Leadership may occasionally be reluctant to work with cybersecurity experts with less than five years of expertise. You can train these people for your business’ unique ecology and promote them as other employees leave and new opportunities become available. Additionally, hiring managers can search the organization’s many divisions for suitable applicants who would fit cybersecurity roles well. It’s possible that someone has already invested in the business and wants to do so again in the future. The chance to advance into new fields is advantageous to the organization.

It’s hard for a recruit to have five to ten years of expertise in these technologies since they are so cutting-edge. However, there are times when less experienced employees are more likely to have learned new technology than someone with years of dealing with legacy systems.

6. Create Diverse Job Descriptions

What duties, activities, and projects would a new hire be required to perform over the following 12 to 18 months? Consider the particulars before making a hiring decision. You might not need someone with ten years of cyber security experience, but you could want someone with experience in a customer-facing position or who excels at problem-solving. Different words have different restrictions. Someone needing expertise working directly with developers or on a similar platform is distinct from a job description that includes experience with a specific tool for a time.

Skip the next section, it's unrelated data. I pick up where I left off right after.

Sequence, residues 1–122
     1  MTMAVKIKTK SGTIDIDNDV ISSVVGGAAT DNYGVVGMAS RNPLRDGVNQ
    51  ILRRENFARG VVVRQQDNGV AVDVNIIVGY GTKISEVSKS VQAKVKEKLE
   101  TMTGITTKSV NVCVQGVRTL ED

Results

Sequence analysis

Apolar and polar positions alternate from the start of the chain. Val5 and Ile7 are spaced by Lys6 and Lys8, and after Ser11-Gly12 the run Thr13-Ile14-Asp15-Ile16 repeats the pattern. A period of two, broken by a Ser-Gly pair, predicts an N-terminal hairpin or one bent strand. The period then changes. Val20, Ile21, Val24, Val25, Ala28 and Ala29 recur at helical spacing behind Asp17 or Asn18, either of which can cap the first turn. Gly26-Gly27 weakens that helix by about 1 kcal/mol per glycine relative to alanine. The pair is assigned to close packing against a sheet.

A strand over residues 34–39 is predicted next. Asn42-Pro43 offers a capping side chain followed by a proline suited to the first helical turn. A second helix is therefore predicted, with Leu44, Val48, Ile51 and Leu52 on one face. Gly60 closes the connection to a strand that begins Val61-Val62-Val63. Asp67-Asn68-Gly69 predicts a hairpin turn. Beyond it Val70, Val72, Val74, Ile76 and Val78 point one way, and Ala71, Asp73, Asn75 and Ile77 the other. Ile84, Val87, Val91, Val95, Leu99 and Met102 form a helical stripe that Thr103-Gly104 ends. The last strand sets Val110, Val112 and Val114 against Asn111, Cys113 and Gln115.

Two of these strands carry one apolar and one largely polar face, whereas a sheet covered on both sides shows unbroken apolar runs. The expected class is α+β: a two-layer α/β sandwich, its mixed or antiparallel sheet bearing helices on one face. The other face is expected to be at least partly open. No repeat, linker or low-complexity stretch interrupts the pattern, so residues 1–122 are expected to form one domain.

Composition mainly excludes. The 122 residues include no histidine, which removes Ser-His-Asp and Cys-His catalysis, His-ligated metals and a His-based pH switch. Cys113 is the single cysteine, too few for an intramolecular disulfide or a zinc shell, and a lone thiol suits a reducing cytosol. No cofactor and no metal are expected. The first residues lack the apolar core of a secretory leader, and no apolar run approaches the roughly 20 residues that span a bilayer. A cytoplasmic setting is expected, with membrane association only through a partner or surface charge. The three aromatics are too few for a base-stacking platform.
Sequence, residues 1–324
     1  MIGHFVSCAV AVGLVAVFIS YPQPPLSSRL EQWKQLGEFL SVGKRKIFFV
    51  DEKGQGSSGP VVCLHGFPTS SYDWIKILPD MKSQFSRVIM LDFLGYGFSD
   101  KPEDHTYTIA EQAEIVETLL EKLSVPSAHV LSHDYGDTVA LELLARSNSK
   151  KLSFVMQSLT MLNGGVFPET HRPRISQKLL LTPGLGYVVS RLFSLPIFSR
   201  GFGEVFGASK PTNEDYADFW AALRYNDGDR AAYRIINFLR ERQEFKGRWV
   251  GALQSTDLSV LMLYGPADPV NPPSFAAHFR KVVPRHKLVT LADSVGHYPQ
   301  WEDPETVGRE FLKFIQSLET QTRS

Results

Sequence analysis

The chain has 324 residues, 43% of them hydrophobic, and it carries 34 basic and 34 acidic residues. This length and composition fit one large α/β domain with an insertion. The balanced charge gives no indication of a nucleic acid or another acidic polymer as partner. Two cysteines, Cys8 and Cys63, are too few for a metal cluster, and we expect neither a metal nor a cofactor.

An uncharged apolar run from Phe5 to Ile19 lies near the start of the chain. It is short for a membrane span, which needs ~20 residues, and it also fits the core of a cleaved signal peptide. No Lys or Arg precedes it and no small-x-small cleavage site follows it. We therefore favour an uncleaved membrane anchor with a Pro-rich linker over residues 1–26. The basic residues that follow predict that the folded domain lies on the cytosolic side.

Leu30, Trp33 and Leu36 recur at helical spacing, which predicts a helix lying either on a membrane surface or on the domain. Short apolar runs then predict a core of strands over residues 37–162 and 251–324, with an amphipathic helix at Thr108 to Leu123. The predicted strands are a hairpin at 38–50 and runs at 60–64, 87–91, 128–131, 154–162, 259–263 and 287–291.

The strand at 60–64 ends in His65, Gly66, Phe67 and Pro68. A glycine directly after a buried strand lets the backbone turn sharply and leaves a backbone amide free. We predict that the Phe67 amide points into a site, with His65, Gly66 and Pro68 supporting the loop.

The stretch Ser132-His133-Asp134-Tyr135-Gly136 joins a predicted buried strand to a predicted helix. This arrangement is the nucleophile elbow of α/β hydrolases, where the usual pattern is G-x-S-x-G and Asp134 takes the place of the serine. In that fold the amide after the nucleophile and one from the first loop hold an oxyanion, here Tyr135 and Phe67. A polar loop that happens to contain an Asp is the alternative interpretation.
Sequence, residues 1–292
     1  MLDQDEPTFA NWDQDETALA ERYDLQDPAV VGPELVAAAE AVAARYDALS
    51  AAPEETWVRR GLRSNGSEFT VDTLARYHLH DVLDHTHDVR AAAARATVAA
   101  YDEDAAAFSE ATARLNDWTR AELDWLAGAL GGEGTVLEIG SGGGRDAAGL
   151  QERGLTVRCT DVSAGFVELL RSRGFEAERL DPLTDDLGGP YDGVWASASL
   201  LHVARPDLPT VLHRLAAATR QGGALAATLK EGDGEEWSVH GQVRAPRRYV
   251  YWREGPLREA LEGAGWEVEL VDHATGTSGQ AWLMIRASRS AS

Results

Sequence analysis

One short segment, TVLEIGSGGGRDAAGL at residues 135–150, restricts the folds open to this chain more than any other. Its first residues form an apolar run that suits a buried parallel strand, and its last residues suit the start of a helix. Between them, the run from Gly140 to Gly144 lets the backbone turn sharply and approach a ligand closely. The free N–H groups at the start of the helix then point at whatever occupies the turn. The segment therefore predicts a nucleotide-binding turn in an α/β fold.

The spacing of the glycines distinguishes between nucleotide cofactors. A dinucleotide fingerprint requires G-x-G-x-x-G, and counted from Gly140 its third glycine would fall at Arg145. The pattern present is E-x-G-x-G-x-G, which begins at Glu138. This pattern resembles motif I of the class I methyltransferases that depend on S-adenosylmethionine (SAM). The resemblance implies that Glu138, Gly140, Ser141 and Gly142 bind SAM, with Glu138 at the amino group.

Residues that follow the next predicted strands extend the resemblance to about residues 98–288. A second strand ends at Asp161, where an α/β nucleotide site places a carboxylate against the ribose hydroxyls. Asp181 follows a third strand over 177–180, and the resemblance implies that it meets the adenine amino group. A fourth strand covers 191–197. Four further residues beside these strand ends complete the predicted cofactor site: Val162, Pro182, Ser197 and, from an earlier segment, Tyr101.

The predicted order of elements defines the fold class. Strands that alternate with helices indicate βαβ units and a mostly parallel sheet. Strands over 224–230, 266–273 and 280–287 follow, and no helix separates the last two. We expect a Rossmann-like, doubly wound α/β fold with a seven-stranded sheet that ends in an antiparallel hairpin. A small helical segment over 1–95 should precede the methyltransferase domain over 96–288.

7. Do not use Culture Fit

When “some firms use cultural fit,” the result is a workforce where everyone sounds, looks, and thinks relatively alike. This can lead to ageism in cybersecurity and technology, which is just as undesirable in the workplace as sexism and racism. Although some hiring supervisors may wrongly assess a candidate due to a lack of years of experience, the opposite is also sometimes true. People with extensive experience could face unjust judgment due to their advanced age.


Teams that use an inclusive decision-making process and solicit input from a broad spectrum of people, according to Cloverpop, made decisions twice as quickly and produced results that were up to 60% better. Therefore, there has to be a broader variety of educational and linguistic backgrounds, greater ethnic diversity, and even neurodiversity to combat new threats from as many aspects as feasible.

Performance and values are crucial to diversity and inclusion (D&I) promotion. Naturally, a workforce that is inclusive and varied will result in more significant results. Diversity is vital to the success of your organization. I recently met with some friends to discuss methods for creating and hiring diverse cybersecurity teams.

We understand that attaining high levels of performance is not enough to create a diversified staff.